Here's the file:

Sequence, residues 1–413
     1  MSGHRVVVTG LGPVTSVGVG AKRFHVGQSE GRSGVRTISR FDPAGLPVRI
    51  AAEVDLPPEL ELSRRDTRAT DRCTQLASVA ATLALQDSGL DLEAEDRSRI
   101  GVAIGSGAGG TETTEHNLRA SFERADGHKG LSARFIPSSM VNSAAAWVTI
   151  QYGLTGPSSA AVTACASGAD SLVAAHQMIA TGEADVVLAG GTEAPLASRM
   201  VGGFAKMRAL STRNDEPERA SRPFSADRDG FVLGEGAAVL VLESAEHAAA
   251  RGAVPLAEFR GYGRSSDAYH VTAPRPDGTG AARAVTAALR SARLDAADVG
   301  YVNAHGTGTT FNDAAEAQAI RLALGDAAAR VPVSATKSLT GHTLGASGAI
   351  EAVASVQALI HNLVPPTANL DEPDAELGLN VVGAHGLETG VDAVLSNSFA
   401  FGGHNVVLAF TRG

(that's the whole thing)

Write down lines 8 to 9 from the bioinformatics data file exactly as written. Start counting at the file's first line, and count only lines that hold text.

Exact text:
   301  YVNAHGTGTT FNDAAEAQAI RLALGDAAAR VPVSATKSLT GHTLGASGAI
   351  EAVASVQALI HNLVPPTANL DEPDAELGLN VVGAHGLETG VDAVLSNSFA